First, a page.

Baseball nearing deal on cable TV Sources say ESPN in lead for package American League

July 03, 1993|By Knight-Ridder News Service

PHILADELPHIA -- By the time it plays its All-Star Game on July 13, Major League Baseball probably will have a new cable TV contract.

Phillies president Bill Giles, a member of the owners' television committee, said the owners are close to cutting a deal with either ESPN or Liberty Media, which owns Prime Ticket Sports Network and SportsChannel America.

ESPN is the front-runner. Sources close to the negotiations say the all-sports network has offered between $150 million and $200 million to broadcast three games a week for the next four years.

That's substantially less than the $400 million ESPN paid baseball four years ago. But times have changed.

That became apparent a month and a half ago when the owners reluctantly approved a risky, new network deal with NBC and ABC in which baseball, for the first time, will receive no rights-fee money from the networks, but take most of the profits from TV ad sales.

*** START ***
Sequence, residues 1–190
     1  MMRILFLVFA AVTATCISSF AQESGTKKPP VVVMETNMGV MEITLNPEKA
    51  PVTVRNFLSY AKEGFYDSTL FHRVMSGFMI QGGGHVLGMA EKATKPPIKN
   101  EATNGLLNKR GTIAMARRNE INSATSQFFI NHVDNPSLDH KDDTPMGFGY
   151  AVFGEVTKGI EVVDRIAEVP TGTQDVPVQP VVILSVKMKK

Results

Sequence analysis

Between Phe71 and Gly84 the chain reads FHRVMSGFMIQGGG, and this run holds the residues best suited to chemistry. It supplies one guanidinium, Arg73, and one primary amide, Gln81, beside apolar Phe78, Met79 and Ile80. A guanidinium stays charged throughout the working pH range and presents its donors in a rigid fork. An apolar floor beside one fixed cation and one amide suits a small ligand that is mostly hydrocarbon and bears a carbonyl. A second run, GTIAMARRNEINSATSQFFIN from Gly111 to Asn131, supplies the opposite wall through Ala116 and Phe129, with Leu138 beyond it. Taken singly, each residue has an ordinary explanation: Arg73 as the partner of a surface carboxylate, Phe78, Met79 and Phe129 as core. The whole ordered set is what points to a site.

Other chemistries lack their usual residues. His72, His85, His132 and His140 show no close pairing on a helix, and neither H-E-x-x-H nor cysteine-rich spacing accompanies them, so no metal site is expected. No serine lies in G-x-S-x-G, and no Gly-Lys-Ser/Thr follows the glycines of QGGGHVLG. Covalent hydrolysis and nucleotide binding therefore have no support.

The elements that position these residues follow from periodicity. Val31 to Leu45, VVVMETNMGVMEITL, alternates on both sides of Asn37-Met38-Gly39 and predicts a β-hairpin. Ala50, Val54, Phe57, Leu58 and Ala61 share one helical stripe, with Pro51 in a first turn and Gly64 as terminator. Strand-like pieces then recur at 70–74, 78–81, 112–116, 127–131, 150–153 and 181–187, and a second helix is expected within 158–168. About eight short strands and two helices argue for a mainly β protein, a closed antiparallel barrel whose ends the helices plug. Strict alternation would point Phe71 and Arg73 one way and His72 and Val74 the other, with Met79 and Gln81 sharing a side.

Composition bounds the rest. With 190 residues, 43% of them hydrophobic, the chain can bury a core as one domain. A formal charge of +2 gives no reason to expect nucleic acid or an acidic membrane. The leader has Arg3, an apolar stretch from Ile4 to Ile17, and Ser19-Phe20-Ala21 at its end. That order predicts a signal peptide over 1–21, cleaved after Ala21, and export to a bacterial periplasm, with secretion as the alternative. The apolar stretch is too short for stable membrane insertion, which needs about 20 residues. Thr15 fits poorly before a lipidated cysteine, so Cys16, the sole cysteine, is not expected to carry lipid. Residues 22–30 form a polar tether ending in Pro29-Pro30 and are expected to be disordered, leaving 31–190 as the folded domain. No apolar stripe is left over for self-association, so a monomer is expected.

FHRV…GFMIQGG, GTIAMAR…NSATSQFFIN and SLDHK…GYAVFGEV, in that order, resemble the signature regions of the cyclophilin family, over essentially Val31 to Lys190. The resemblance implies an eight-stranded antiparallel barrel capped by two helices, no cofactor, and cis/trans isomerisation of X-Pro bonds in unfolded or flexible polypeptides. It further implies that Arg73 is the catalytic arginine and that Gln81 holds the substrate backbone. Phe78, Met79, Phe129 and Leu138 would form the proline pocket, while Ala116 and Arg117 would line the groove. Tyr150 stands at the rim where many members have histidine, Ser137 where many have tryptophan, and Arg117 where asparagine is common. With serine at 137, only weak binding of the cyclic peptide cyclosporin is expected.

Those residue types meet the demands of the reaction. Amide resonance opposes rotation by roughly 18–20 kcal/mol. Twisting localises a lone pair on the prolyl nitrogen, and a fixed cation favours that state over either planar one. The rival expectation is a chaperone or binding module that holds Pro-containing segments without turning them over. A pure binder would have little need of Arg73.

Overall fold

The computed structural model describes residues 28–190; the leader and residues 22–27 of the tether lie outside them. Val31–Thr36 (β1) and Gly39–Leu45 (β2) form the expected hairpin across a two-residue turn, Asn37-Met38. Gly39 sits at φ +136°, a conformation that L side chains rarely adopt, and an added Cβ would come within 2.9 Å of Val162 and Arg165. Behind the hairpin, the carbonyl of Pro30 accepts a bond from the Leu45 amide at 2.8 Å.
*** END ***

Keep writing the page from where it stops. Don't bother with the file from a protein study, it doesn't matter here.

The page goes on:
Even in a best-case scenario, the new network deal figures to earn the owners 40 percent to 50 percent less than the $265 million per year they've gotten from CBS the past four years.

If ESPN gets baseball again, it will show just three games a week, down from the current six. Sunday and Wednesday have been mentioned as two of the probable days. Also, one of the three games probably would be an afternoon game.

According to sources, Liberty Media has made a better financial offer than ESPN. But the baseball owners are reluctant to make the same short-sighted mistake the NHL made in the late 1980s when it signed with SportsChannel.

The NHL sacrificed viewership for more money, signing on with a cable network that, at the time, was shown in just 9 million U.S. homes.

Liberty's outlets, which include SportsChannel, Prime Ticket, MSG in New York and Sports New England in Boston, goes into about 30 million homes. But that's still half the 60 million households that have ESPN.

"Baseball will be making a terrible mistake if they sign with Liberty, and I think they know that," one network executive said. "I think they're just keeping Liberty around to make ESPN bid higher than they might otherwise pay."

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